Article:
By John Barrat
Scientists studying pollinators of the yellow poppy (Meconopsis integrifolia) in the highlands of southern China have discovered a striking new species of flower fly that mimics the bumble bee. The new fly, named Sericomyia khamensis, has evolved to resemble a bumble bee as a way to fool predators into leaving them alone.
Like the bees, the female flies visit yellow poppies to drink nectar, explains Christian Thompson, an entomologist at the Smithsonian’s National Museum of Natural History. Unlike the bees they also eat the poppy pollen on the spot. Protein in the pollen is used for egg production in the female fly. Bees take flower pollen back to their nest where it is used to feed their larvae.
Male flies visit the flowers to drink nectar and mate with the females. “The nectar gives them a sugar boost similar to what we get from Coca-Cola or other sugary drinks,” says Thompson, co-author of a paper describing the new fly in the journal Zootaxa. The new species is one of a number of Sericomyiine flower flies known to live in China that belong to a group of bee-mimicking flies.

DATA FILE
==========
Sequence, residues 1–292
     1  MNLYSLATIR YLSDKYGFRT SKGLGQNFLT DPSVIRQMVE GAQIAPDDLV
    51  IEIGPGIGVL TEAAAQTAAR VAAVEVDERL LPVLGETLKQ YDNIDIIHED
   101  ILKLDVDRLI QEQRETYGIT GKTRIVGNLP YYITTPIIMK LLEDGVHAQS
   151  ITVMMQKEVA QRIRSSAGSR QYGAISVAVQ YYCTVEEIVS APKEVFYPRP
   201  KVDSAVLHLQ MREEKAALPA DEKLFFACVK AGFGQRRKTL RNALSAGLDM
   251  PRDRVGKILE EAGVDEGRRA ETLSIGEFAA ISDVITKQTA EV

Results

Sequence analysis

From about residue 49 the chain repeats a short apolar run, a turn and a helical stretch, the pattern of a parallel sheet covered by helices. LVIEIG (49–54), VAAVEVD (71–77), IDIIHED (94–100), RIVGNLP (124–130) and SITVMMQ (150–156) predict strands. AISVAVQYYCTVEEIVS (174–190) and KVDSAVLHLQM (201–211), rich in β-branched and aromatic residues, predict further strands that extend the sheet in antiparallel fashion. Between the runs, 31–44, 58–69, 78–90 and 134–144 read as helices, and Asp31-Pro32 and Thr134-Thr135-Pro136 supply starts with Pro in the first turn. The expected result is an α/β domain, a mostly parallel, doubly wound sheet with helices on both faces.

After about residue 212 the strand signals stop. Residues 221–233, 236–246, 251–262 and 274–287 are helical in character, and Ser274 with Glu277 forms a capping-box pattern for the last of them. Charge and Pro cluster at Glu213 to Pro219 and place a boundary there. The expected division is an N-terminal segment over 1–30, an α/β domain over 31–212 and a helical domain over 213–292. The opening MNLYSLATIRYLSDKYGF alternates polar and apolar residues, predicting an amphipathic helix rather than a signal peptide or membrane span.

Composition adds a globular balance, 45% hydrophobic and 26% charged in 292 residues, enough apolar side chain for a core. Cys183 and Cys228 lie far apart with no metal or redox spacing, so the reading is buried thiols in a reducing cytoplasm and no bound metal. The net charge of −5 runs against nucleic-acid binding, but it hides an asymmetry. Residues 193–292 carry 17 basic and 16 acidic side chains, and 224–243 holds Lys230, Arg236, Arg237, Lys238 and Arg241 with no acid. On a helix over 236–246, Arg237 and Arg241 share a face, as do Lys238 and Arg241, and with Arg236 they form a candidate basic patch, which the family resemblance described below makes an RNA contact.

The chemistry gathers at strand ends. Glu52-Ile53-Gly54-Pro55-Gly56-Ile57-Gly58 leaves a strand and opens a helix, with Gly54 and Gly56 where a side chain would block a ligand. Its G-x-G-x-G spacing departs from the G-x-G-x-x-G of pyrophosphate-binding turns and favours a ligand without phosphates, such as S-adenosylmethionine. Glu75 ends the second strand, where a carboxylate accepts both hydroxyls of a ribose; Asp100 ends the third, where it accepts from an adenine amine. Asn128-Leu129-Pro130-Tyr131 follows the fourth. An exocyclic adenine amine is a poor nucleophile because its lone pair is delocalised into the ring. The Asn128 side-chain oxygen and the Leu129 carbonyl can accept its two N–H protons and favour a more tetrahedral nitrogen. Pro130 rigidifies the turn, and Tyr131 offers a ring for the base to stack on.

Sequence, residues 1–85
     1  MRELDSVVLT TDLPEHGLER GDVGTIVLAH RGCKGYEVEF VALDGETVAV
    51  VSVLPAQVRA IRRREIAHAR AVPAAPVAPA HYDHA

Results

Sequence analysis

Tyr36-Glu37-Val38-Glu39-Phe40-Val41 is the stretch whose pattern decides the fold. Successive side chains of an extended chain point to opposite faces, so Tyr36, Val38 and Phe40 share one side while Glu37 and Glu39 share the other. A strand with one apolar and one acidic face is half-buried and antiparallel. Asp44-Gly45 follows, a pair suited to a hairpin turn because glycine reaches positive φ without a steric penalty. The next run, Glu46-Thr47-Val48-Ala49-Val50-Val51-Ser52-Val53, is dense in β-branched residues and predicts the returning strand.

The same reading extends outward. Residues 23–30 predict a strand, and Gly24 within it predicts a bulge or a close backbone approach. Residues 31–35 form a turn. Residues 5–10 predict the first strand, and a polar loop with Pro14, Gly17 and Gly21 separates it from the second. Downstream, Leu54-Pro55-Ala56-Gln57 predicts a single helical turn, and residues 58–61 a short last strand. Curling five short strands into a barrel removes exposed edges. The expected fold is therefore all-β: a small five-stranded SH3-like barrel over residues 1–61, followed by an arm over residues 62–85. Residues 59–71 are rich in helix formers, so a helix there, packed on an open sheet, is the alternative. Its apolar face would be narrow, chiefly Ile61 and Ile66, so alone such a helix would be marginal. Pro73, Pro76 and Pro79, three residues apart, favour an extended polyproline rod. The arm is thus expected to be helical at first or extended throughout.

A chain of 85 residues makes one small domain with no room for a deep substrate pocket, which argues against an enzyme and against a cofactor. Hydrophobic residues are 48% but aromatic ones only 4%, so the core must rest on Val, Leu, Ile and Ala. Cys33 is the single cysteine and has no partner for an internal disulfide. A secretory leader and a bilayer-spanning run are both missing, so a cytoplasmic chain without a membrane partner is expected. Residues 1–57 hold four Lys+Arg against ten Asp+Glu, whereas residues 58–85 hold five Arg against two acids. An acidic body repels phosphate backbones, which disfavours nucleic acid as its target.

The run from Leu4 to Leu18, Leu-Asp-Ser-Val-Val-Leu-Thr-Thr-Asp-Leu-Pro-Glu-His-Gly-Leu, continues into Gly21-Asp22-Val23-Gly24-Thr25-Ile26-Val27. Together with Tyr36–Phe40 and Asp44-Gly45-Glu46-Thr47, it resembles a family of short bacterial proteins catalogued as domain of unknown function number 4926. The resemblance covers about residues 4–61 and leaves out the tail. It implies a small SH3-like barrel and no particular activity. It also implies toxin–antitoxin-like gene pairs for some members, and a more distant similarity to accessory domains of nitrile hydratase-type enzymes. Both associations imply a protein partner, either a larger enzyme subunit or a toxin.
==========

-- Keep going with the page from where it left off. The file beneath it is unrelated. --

Female flies lay their eggs in small pools of standing water where they hatch into aquatic maggots with long tails, known commonly as rat-tailed maggots. “These larvae are very common in tree holes that fill up with water and/or in plants like pitcher plants, where water collects,” Thompson says.
A respiratory apparatus located at the end of the maggot’s long tail sticks above the surface of the water and allows the maggot to graze on the bottom of a pool and breathe at the same time.
It is not known if this newly discovered fly pollinates other species of flowers, Thompson says. “We do know of a related species in North America–another flower fly–that only visits blueberries. This fly is very important to the pollination of wild blueberries.”